In his own exit interview with reporters on Monday, deposed Capitals general manager George McPhee had a lot to say. Over the next few posts, we’ll break down his closing remarks on his 17-year career in Washington into bite-sized pieces for your consumption.
Here’s Part Three of McPhee’s farewell news conference:
On whether a team built around Alex Ovechkin can win the Stanley Cup:
I don’t really want to answer questions about individuals, I’m going to duck those because, you know, this is supposed to be about me saying thanks and so long. I blame no one for anything that’s gone on here in this year not working out. I was the manager and it was a difficult year. We didn’t play anywhere near what we were capable of but we got 90 points. Just a little improvement and it’s a 100-point team next year and probably a lot more. I don’t want to be negative about anything. You raise different people’s names and say this person isn’t doing this or that, I’d like to pass on that kind of stuff.
On Ovechkin being a primary player on the team and in the league:
Yes, and if you’re asking me if we could win with him, I believed we could win with him.
On why the Caps were never able to get over the playoff hump the past five years:
Sometimes that just happens. I really thought that group for five years could do it and I thought we had to reset a little bit the last year or two, but it’s ready to go again. I think the best team we faced this year was Boston. They had their adversity. They were up three-zip on Philly in one series [in 2010] and lost, they’ve lost tough Game Sevens and everything else, but one year they won it. Now they’re comfortable knowing that they’ve got that frame of reference: ‘We’ve done it before and we can do it again.’
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I remember their GM [Peter Chiarelli] telling me, it wasn’t until there was four minutes to go in Game Seven in Vancouver – I think they were up 4-1 in the game or something – he said, ‘Geez, we’re actually going to do this. We’re going to win it.’ I think they went through three Game Sevens in that run. I remember the first series, against Montreal. Montreal scored late, they went into overtime and Montreal had great chances, two or three chances, and one was an open net and the puck went wide. If it doesn’t go wide maybe everything there changes. But they got through it and they won the Cup and now they’ve sort of come of age. The GM’s done a really good job there, it’s a good team. Detroit was that way at one time. They won one [Stanley Cup] and then they got even better.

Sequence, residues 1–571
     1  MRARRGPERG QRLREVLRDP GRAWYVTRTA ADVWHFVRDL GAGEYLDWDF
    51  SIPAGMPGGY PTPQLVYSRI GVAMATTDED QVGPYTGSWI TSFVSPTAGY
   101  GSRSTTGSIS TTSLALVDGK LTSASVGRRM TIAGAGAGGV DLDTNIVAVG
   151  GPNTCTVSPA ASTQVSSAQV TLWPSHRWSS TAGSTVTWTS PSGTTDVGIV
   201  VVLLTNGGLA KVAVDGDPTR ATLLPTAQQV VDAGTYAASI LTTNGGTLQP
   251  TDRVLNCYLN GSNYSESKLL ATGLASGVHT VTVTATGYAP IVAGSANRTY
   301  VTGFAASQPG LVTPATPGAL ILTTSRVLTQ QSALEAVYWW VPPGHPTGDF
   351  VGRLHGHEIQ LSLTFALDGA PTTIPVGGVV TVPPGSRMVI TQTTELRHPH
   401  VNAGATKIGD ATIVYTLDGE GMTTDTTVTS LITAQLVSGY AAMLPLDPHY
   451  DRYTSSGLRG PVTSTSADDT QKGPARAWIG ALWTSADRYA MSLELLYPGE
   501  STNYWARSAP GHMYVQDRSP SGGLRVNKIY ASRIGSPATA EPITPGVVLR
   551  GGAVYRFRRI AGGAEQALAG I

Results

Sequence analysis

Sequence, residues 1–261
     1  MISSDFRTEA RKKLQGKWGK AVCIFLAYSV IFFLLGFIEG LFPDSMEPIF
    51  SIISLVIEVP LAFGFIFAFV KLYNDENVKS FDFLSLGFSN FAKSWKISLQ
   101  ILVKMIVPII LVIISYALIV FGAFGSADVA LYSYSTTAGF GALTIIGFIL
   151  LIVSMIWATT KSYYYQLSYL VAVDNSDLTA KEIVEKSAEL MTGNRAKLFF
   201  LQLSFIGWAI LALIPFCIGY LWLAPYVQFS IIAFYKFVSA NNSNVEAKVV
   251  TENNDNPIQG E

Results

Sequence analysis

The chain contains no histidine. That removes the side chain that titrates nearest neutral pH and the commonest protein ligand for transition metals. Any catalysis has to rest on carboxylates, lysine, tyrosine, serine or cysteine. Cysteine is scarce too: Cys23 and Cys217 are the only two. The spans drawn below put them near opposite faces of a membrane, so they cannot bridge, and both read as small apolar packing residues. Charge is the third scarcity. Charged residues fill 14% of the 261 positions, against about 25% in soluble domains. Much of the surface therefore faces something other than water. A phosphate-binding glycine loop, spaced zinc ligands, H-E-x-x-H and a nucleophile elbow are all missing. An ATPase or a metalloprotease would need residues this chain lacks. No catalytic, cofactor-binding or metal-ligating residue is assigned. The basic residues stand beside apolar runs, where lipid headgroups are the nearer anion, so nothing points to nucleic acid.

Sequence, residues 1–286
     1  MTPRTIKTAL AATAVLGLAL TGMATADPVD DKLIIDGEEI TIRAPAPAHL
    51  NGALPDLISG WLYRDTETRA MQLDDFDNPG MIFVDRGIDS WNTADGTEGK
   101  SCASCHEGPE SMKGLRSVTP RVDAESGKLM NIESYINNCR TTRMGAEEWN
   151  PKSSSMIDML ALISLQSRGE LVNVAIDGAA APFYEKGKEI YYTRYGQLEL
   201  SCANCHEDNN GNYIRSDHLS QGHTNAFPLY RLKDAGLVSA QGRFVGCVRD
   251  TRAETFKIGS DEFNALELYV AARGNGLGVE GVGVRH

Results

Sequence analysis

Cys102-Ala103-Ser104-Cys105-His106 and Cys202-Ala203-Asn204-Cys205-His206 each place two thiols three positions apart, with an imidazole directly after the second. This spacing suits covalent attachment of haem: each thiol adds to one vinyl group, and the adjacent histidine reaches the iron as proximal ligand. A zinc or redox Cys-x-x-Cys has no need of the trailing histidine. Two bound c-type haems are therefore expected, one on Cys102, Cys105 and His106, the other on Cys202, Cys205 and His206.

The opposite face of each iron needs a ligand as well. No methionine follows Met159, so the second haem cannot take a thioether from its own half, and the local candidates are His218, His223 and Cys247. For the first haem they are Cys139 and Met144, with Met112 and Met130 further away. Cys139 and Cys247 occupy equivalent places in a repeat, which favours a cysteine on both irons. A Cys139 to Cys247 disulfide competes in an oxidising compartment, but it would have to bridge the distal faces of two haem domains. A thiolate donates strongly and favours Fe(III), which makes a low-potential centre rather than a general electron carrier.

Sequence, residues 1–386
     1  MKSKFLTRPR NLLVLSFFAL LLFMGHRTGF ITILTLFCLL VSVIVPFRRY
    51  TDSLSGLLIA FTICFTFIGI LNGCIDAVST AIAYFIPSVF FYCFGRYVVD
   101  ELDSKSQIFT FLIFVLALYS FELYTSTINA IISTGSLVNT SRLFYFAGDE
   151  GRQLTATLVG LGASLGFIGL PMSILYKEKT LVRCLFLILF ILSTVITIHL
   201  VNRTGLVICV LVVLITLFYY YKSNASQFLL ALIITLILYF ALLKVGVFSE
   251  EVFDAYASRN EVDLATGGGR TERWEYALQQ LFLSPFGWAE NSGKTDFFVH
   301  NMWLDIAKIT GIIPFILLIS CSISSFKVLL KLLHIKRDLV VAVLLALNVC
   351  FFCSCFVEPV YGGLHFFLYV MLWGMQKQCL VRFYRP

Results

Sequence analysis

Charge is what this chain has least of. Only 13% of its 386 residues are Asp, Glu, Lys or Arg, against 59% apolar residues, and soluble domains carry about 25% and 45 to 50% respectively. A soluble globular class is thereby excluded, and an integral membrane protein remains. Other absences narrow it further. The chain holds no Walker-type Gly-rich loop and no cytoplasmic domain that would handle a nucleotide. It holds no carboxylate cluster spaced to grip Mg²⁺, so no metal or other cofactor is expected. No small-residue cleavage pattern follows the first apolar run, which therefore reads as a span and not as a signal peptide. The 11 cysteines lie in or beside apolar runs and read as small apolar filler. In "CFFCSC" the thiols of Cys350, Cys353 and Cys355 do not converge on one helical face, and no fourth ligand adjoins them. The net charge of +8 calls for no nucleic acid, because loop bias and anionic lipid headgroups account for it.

We didn’t catch that break. But that doesn’t mean it can’t happen. This team is young enough and the veterans are at the right age here. You’ve got experienced players with young guys coming in. It’s the perfect combination, that’s what you need. It’s not all about free agents and everything else. It’s a good group of solid veteran players, plus young kids coming in to push up from the bottom and that’s where I think this team is. So, they may not have done it in Phase One, but Phase Two is right there and they’re going to be good.
On if he’s surprised Adam Oates was fired as well:
Nothing surprises me in this business. That’s unfortunate, but it’s unfortunate for Adam because it was a short tenure. I’ve been lucky. I had 17 years.
On when he felt the Capitals needed to hit the re-set button:
It’s hard to get specific because when you’ve been in a place a long time one year sort of blends into the other and as the guys on my staff will tell you, I don’t have a very good memory, so it’s good that I don’t look back much. I just felt like we had a real good run there for five years and I certainly loved working with Bruce and loved working with Dale. That might have been it – when Dale didn’t come back. I thought he did a tremendous job of making this a team and sort of re-setting after that, getting a new coach, I just thought we were a little thin on players coming into the system.
But when you think you can win a Cup you owe it to the players in the room and all your fans, you’ve got to go for it. So I was trading second-round picks and prospects, and second-round picks and prospects and at some point you get a touch thin. It doesn’t mean we weren’t good teams the last two years, we just weren’t injury proof. When you’ve got good young guys coming in, if you lose a guy you can pull somebody up and you keep winning games. At one time we were calling up the [Tomas] Fleischmanns, Brooks Laichs, [Karl] Alzner, [John] Carlson, those guys. Now they’re veterans and I didn’t have a complete group like that to go to again. When you’ve been doing it for a while your instincts tell you some things and I thought we were a playoff team. I thought this should have been our seventh year in a row of making the playoffs and I’m disappointed we didn’t. But it doesn’t mean it’s not a good team. Those kids are sort of here now to help and it’s unfortunate the last two years that we lost a guy like Brooks Laich [groin issues] for almost the entire season both years, then Jack Hillen [broken collar bone, broken leg] almost the entire season both years. Those guys were very good for us, good veteran players and I didn’t have the kids to fill in.
And it’s hard to make a trade in this league during the season now, but that would have required giving away some future and I didn’t want to do that. Last summer was really tough because there was sort of gridlock around the league, it was hard to make any moves.